Leagues in Georgia and New Jersey and credit unions in Florida and Maine are the latest credit union stakeholders to write in support of the Senate’s bipartisan regulatory relief bill, S. 2155. The Senate is currently in the process of considering the bill, and CUNA has issued its own call to action, in addition to continued grassroots efforts, to keep up the momentum from stakeholders as it prepares for a vote on the Senate floor.
Mike Mercer, president of Georgia Credit Union Affiliates, called the bill a “boon to Main Street” in a letter to Valdosta CEO.
“Provisions in this bill would ease mortgage lending and free up capital for small businesses, two essential ways to grow an economy that has suffered from both a financial crisis and the regulations put in place in response to it,” Mercer wrote. “The regulatory relief this bill provides is a major step forward in moving away from a system that treats credit unions and community banks the same as the biggest banks.”
In The Township Journal, David Frankil, president/CEO of the New Jersey Credit Union League, said S. 2155 would help some key economic issues in the state, and urged Sens. Bob Menendez (D-N.J.) and Cory Booker (D-N.J.) to support the bill.
“In New Jersey, credit unions and small banks help our communities thrive and our small businesses grow. When credit got tight during the downturn, we were there as primary lenders, and we’re still the ones our communities turn to when they need mortgages and auto loans,” he wrote. “But small, local financial institutions are getting hammered by regulations designed for the far bigger firms that caused the financial meltdown.”
Laurie Gaudreau of York County FCU, Sanford, Maine, specifically highlighted the provision that would grant credit unions parity with banks on certain real estate loans, freeing up capital for small businesses, in a letter to the Journal Tribune.
“S. 2155 would grant credit unions parity with banks when making loans for the purchase of one-to-four unit, non-owner occupied residential property loans. These loans are designated real estate loans for banks, but business loans for credit unions,” she wrote. “This means such loans count against the statutory member business lending cap for credit unions. I value the members we serve at York County Federal Credit Union, but I often have to turn them away when they want to finance one of these properties…This doesn’t make sense – but S. 2155 would fix this.”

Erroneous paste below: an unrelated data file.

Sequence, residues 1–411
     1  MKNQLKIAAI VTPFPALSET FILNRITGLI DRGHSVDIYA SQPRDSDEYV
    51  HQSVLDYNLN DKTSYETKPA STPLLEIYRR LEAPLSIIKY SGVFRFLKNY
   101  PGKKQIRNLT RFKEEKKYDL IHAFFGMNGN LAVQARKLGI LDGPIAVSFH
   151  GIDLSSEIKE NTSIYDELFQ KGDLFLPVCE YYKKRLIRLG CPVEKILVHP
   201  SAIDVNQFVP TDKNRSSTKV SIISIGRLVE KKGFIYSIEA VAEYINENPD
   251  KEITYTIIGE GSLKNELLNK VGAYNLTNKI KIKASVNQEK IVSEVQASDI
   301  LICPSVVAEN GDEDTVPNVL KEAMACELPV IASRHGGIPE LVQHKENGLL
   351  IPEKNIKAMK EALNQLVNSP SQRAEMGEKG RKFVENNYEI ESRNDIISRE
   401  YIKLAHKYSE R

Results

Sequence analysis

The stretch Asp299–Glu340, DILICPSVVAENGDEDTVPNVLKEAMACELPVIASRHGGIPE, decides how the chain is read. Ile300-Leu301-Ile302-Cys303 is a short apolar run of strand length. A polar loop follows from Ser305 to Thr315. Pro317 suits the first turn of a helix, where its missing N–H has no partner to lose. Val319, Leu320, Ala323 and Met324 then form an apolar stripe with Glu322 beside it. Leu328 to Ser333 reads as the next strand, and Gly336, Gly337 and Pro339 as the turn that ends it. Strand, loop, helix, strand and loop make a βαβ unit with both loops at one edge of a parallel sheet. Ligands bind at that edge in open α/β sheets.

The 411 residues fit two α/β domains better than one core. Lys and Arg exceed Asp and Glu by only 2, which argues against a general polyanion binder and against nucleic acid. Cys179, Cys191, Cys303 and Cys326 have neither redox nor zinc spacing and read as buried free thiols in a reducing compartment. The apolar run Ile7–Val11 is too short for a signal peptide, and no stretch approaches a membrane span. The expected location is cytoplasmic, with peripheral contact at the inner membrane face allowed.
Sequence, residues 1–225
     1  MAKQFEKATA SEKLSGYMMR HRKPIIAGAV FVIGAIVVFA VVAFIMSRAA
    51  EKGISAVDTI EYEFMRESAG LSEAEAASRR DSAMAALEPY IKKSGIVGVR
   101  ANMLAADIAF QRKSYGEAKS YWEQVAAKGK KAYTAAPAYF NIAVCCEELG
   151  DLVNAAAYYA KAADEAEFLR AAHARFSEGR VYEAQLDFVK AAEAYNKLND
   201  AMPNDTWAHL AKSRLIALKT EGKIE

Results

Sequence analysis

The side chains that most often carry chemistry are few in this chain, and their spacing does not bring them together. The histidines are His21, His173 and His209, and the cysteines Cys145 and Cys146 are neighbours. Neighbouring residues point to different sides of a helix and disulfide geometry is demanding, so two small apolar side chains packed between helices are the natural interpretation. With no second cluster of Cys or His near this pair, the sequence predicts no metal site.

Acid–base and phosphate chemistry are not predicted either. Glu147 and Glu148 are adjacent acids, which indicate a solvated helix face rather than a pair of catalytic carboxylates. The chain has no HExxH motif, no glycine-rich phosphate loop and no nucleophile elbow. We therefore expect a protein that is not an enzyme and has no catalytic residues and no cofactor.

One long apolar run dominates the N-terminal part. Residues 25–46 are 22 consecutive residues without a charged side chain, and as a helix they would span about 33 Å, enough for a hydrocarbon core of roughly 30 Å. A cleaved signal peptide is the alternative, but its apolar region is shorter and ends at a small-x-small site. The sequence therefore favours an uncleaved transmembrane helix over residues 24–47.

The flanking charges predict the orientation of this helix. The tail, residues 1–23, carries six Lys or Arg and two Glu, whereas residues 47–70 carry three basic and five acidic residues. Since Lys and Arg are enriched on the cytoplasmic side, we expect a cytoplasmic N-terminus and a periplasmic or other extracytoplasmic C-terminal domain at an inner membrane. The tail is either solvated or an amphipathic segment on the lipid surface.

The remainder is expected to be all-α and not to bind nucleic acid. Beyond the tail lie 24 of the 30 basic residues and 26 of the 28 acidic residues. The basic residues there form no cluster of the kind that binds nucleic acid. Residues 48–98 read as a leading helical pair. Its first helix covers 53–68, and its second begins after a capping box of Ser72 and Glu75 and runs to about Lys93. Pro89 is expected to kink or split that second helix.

Elsewhere in Maine, Tina Jamo, president/CEO of Katahdin FCU, Milinocket, said the bill would make it easier for Maine families to buy homes and start businesses in her op-ed in the Bangor Daily News.
"Here in Maine, credit unions have nearly 700,000 members. By design, these institutions are intertwined with their local communities...Our story is not unique across credit unions in Maine. For instance, since 1990, Maine’s credit unions have raised more than $8 million for a campaign to end hunger in the state," she wrote. "Community lenders like us are getting crushed by Dodd-Frank. The average credit union’s regulatory compliance costs have jumped 70 percent in the past decade. Roughly 1 in 4 credit union employees spends a “significant” amount of time filling out regulatory paperwork.
And in the Tampa Bay Times, Mary Ott Wood, president/CEO of Florida West Coast CU, Brandon, Fla., said the bill would increase mortgage lending to those who need it, and urged Sens. Bill Nelson (D-Fla.) and Marco Rubio (R-Fla.) to support it.
“This bill will increase access to affordable mortgages, which will help millions of Americans build equity while supporting a housing market still recovering from the economic crisis. It would also increase the amount of capital available for credit union small business members to allow more Americans to invest in themselves and in their communities,” she wrote. “And it would add important consumer protections, all while leaving current consumer protections in place, especially protections against Wall Street.”
Wood was part of a group that met with President Donald Trump last week during CUNA’s Governmental Affairs Conference to talk S. 2155 and other regulatory relief issues.